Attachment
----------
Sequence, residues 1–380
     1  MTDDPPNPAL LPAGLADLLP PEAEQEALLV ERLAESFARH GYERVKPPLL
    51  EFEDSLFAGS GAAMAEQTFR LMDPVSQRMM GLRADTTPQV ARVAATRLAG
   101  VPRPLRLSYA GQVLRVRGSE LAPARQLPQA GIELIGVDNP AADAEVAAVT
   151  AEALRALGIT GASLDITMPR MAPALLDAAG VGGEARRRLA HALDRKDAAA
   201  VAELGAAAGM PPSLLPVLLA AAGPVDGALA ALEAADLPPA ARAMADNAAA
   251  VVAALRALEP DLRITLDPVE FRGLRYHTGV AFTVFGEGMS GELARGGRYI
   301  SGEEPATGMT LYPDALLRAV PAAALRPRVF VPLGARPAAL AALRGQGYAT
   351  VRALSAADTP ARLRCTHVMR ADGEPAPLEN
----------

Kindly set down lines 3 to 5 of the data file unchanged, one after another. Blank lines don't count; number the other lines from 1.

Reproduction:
    51  EFEDSLFAGS GAAMAEQTFR LMDPVSQRMM GLRADTTPQV ARVAATRLAG
   101  VPRPLRLSYA GQVLRVRGSE LAPARQLPQA GIELIGVDNP AADAEVAAVT
   151  AEALRALGIT GASLDITMPR MAPALLDAAG VGGEARRRLA HALDRKDAAA